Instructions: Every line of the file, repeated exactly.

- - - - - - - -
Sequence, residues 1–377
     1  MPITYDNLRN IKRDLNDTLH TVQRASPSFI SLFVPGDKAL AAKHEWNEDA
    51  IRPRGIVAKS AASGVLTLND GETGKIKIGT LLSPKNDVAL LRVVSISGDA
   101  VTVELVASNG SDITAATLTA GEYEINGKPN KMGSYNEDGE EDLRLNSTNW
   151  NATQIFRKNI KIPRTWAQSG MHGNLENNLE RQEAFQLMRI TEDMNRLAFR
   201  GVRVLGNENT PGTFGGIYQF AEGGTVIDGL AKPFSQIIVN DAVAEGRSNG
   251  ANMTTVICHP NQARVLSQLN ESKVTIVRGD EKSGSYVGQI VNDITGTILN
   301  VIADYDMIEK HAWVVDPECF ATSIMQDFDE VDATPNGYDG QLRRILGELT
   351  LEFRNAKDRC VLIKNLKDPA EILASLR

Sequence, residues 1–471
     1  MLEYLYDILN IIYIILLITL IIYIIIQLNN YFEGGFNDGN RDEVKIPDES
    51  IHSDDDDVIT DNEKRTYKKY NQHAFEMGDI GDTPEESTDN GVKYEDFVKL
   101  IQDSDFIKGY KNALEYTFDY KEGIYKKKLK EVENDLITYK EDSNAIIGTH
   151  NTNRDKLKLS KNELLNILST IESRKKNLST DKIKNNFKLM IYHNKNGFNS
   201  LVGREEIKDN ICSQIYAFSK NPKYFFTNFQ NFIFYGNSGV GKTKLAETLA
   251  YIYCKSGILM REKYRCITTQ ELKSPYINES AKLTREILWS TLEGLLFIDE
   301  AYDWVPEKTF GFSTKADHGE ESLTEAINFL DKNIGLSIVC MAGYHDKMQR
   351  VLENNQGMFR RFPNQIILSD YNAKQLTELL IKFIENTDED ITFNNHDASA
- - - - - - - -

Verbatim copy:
Sequence, residues 1–377
     1  MPITYDNLRN IKRDLNDTLH TVQRASPSFI SLFVPGDKAL AAKHEWNEDA
    51  IRPRGIVAKS AASGVLTLND GETGKIKIGT LLSPKNDVAL LRVVSISGDA
   101  VTVELVASNG SDITAATLTA GEYEINGKPN KMGSYNEDGE EDLRLNSTNW
   151  NATQIFRKNI KIPRTWAQSG MHGNLENNLE RQEAFQLMRI TEDMNRLAFR
   201  GVRVLGNENT PGTFGGIYQF AEGGTVIDGL AKPFSQIIVN DAVAEGRSNG
   251  ANMTTVICHP NQARVLSQLN ESKVTIVRGD EKSGSYVGQI VNDITGTILN
   301  VIADYDMIEK HAWVVDPECF ATSIMQDFDE VDATPNGYDG QLRRILGELT
   351  LEFRNAKDRC VLIKNLKDPA EILASLR

Sequence, residues 1–471
     1  MLEYLYDILN IIYIILLITL IIYIIIQLNN YFEGGFNDGN RDEVKIPDES
    51  IHSDDDDVIT DNEKRTYKKY NQHAFEMGDI GDTPEESTDN GVKYEDFVKL
   101  IQDSDFIKGY KNALEYTFDY KEGIYKKKLK EVENDLITYK EDSNAIIGTH
   151  NTNRDKLKLS KNELLNILST IESRKKNLST DKIKNNFKLM IYHNKNGFNS
   201  LVGREEIKDN ICSQIYAFSK NPKYFFTNFQ NFIFYGNSGV GKTKLAETLA
   251  YIYCKSGILM REKYRCITTQ ELKSPYINES AKLTREILWS TLEGLLFIDE
   301  AYDWVPEKTF GFSTKADHGE ESLTEAINFL DKNIGLSIVC MAGYHDKMQR
   351  VLENNQGMFR RFPNQIILSD YNAKQLTELL IKFIENTDED ITFNNHDASA